ECommerce in China

China: World Leader in Ecommerce

This past month, on the 29th of May, the Ministry of Commerce of the People’s Republic of China released data showing that Chinese consumers purchase more things online than the United States.
Online retail sales in China have grown 41.2% since 2012, while the United States have only seen a 16.9% increase in 2013. This is in part due to China´s push and support for the development of new technologies and innovative business models that have become a cornerstone for economic growth in recent years.

This change in shopping habits is due to that fact that almost half of China´s population now has direct access to the Internet. Chinese Internet users grew by 8.5% making it 618 million users in late 2013. That same year, official figures from the Office of Electronic Commerce in China showed an increase of 24.7% in online consuming meaning 302 million Chinese people were going online to shop. Smart phones and tablets have become more popular as well since they cost less than a desktop computer or laptop. The accessibility of these mobile devices has enabled Chinese Internet users to grow as well. Those who use smart phones to browse the Internet went up by 19%, reaching 500 million.

Also noteworthy is the impact the Alibaba Group has in the marketplace. Its two large online stores, Taobao and Tmall, represent almost 84% of the volume of e-retail in China.

For further information follow the link (in Spanish) below.

http://ecommerce-news.es/internacional/china-supera-oficialmente-estados-unidos-como-primera-potencia-mundial-del-ecommerce-12356.html

Networking Training with Alex

Alex first started networking during his undergraduate studies where he was the general delegate in his university. Having that position taught him the importance of networking. Now he is the Operations Manager for IntuuChina where he helps match companies with interns. He will also conduct a workshop where he will train our interns for a networking event, as this service is part of our new Professional Services package.

He arrived in Shanghai in September 2015 and joined InterNations and groups on Meet Up to start making business contacts. Apart from that he also attended events hosted by the Chamber of Commerce. He made it his mission to always come out of these events and meet-ups with at least two contacts.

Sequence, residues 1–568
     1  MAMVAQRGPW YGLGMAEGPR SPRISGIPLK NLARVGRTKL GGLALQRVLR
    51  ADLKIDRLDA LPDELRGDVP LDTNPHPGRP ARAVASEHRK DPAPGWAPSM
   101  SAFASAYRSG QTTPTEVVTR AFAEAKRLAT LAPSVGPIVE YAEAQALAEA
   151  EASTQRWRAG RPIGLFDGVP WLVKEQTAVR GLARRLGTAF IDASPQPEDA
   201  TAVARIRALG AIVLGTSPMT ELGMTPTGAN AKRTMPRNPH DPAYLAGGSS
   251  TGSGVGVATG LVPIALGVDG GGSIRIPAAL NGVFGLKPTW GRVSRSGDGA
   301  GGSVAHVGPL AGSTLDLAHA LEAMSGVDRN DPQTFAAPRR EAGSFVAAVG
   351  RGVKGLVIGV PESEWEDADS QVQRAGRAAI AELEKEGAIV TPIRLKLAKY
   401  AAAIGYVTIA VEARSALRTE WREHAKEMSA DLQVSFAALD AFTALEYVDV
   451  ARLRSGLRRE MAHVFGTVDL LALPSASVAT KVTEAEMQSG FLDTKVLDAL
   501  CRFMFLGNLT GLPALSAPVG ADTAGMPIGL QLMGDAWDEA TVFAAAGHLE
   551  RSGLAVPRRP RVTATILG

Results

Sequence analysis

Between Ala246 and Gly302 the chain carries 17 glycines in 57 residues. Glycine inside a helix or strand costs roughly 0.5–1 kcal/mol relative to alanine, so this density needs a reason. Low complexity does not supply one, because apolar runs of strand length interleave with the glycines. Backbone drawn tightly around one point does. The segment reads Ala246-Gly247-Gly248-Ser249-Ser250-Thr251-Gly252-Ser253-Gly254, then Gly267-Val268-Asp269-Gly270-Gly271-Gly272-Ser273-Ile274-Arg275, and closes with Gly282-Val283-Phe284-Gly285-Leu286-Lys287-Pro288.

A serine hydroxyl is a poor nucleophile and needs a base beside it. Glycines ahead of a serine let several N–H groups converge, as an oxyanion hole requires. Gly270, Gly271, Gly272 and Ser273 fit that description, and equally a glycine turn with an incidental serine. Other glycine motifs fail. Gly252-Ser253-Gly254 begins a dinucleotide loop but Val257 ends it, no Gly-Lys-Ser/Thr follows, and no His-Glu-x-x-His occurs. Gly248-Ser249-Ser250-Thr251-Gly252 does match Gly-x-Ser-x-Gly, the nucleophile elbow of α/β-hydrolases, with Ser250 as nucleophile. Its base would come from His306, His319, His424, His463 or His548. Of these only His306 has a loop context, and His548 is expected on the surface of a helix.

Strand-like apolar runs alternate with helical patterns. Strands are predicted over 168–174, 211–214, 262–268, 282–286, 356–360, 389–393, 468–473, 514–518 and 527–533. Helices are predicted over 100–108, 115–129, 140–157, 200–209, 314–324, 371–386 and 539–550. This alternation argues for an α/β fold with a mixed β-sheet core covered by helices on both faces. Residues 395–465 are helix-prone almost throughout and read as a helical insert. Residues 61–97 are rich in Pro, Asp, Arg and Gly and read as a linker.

Today we sat down with Alex to give some tips to our readers about networking. Firstly, he states students have the advantage of constantly having contact with their professors who are well connected. It’s never too early to start networking as you never know who can help you in the future, which is why it’s always a good idea to also network with other students in your class.

  1. Try to focus on 5 - 10 people to introduce yourself to. When going to networking events there can be more than 100 people and it can feel overwhelming when you walk in alone. You can’t be everywhere at once so narrow down your choices.
  2. Don’t try to impress anybody, just be friendly and open. When introducing yourself be sincere and start with a simple “Hello, my name is…”
  3. See what you can do to help others not the other way around. After you’ve introduced each other and see you can offer your assistance, ask or tell them of your skills. If you ask how you can help them they will reciprocate.
  4. Focus on the person you’re talking to. Don’t look over their shoulder or around the room trying to find your next target. It’s rude and they will most likely notice that you clearly aren’t interested.
  5. Communicate with them! Don’t just hand out your business card and walk away. Try to avoid the typical general topics like, “how long have you been in Shanghai?” or “what do you like about China?”, instead go with “what are your future plans?” or “what’s the most difficult obstacle you’ve had to overcome?”
  6. Never give out your business card first, always wait until the end of your conversation. “Oh by the way here’s my business card...” It’s also a good way to excuse yourself and continue making contacts.
  7. Always follow up within two days with a personalized message. Let them know how it was nice to meet them and make a reference to your conversation. There is always a 70%-90% rate of them responding.